Château of Clos Lucé –final home of the ultimate Renaissance man, artist and inventor Leonardo da Vinci, near Amboise. Discover 20 giant interactive machines including a paddle boat, helicopter and tank, and explore ‘Leonardo’s Garden’

Loches – a gem of a town for a day out, Loches straddles the Indre, south-east of Tours. Expect water meadows and walking trails, a lofty keep, ruined fortress and royal apartments, offset with winding streets, tempting boutiques and cosy cafes.

Loches in the Loire Valley

Hidden Gems

Chedigny – this delightful village north of Loches is a floral treat throughout the summer months, planted with 700 rose bushes, but also daisies and dahlias, antirrhinums, asters and hollyhocks which tumble out of gardens on every side.

Chedigny in the Loire Valley

Trôo – about 40 km north of the Loire valley is the Loir valley and Trôo, France’s best troglodyte village. See the hobbit-style homes hollowed out of the soft ‘tufa’ cliff face behind tiny gardens; visit the museum house; and enjoy hill top views.

Son et Lumière at Blois – travel through the history of the French monarchy at the Royal Chateau of Blois, then watch their story unfold in the sound and light show projected in full colour on the courtyard facades as darkness falls (until 21 Sept).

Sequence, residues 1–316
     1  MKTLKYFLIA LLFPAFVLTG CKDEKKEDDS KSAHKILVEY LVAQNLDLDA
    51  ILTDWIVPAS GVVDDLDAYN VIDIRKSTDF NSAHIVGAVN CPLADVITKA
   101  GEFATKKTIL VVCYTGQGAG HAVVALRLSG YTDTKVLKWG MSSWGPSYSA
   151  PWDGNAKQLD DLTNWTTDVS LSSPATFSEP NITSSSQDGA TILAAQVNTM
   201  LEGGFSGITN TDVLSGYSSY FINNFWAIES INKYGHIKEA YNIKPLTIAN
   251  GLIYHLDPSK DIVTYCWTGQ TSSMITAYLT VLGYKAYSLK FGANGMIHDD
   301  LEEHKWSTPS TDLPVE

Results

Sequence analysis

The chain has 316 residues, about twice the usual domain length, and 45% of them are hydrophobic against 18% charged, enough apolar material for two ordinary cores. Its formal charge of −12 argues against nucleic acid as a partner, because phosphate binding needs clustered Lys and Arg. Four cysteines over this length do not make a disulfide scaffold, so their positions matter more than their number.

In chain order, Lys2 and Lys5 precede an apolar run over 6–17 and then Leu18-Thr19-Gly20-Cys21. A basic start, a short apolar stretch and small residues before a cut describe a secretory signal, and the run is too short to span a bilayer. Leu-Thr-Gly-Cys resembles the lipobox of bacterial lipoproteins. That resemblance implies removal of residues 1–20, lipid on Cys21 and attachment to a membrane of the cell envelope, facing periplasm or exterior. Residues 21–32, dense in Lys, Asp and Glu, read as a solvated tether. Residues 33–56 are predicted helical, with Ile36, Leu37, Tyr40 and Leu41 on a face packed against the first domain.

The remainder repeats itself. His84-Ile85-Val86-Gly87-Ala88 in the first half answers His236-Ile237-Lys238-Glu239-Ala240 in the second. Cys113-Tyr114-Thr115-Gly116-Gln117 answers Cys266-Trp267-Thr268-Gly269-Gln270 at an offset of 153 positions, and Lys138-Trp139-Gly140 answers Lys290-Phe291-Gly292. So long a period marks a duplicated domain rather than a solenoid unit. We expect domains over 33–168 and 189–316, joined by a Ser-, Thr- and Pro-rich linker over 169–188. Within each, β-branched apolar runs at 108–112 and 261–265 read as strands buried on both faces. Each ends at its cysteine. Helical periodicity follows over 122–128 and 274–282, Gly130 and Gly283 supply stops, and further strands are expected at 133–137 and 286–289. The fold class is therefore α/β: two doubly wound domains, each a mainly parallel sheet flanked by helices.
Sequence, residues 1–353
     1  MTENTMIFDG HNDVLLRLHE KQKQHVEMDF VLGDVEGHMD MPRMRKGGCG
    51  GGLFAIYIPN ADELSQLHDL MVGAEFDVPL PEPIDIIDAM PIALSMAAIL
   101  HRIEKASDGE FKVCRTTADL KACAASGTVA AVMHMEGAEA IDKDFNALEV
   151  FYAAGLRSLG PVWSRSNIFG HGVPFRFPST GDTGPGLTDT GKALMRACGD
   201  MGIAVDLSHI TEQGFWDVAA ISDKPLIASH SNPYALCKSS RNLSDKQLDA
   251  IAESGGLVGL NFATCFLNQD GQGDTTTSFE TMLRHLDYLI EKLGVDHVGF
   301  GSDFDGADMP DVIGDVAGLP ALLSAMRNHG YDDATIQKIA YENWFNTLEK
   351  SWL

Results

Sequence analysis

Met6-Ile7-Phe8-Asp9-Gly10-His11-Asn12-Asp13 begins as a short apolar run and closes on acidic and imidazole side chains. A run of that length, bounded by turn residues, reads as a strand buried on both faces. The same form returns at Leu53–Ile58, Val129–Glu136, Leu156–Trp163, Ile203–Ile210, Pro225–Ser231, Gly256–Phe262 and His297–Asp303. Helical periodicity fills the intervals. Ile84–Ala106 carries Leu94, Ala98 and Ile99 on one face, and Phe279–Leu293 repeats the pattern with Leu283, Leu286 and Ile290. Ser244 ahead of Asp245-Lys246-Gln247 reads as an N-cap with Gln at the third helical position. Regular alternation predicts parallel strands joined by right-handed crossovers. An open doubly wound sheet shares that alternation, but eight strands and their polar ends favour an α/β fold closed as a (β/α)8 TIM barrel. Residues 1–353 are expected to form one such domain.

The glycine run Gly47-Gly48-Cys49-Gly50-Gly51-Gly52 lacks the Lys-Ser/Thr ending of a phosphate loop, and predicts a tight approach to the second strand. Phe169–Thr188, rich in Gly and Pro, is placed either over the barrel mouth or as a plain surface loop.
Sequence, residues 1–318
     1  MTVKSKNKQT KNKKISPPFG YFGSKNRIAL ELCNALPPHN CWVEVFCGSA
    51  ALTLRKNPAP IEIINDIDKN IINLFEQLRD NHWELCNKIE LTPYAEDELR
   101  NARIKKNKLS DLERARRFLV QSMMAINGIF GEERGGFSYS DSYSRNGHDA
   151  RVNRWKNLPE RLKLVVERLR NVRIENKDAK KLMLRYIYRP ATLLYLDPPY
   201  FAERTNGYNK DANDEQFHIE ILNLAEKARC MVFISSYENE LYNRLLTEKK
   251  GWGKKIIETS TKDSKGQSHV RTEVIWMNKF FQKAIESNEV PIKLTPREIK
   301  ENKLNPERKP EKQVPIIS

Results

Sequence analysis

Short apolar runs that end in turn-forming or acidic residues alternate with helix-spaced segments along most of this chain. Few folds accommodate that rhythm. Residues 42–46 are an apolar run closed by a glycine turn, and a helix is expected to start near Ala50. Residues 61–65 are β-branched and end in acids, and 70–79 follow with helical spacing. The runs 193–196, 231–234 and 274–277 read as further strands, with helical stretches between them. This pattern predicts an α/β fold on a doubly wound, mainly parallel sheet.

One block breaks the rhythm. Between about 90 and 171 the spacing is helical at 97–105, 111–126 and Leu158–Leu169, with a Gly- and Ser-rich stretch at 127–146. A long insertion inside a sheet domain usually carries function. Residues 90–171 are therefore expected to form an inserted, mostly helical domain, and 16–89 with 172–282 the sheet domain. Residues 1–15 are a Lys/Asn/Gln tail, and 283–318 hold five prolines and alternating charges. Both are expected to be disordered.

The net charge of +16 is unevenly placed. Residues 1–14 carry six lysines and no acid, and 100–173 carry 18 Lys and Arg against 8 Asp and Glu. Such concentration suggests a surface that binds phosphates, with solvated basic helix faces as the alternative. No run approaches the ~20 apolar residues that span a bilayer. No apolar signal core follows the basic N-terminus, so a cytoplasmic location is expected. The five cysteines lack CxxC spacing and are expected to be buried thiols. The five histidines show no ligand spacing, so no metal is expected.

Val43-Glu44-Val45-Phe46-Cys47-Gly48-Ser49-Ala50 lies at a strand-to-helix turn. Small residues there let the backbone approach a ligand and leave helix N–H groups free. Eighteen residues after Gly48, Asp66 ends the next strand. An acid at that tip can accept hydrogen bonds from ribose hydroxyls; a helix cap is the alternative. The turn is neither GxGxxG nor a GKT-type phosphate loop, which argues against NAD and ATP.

Château de Candé – this delightful turreted castle at Monts near Tours was the wedding venue for Edward VIIII and Wallis Simpson. Enjoy the 19th century interior and a selection of Mrs Simpson’s well stocked wardrobe.

Maison de la Magie, Blois – opposite the royal castle, this is the only European museum to combine themed collections about magic with a permanent show.

Local Flavours

Every French region has its own distinctive cheeses and in the Loire Valley, you’ll find five AOC goats’ cheeses, each with its own distinctive shape. Add in a couple of cow’s milk cheeses and you’ll have some key ingredients for a perfect riverside picnic.

The dense forests were once royal hunting grounds and game still features on restaurant menus, as well as local lamb and poultry. The area around Tours is famous for its rillettes, a delicious chunky pate of shredded pork, whilst river fish such as zander and pike are a favourite all along the river.

And of course all these dishes need a little liquid accompaniment. Loire Valley wines include reds, whites and rosés such as Sancerre, Chinon, and Vouvray, as well as delicious sparkling wines. Ask at any Tourist Office about vineyard visits and tastings.

Tourist information from: www.loirevalleytourism.com

Where to stay

Domaine de Dugny is a holiday village in the heart of the Loire Valley, close to the town of Blois. Enjoy the superb swimming complex and waterslides, free children’s clubs, or relax around the fishing lake. Find out more about holidays at Domaine de Dugny, or visit our site dedicated to holiday home sales in the Loire Valley.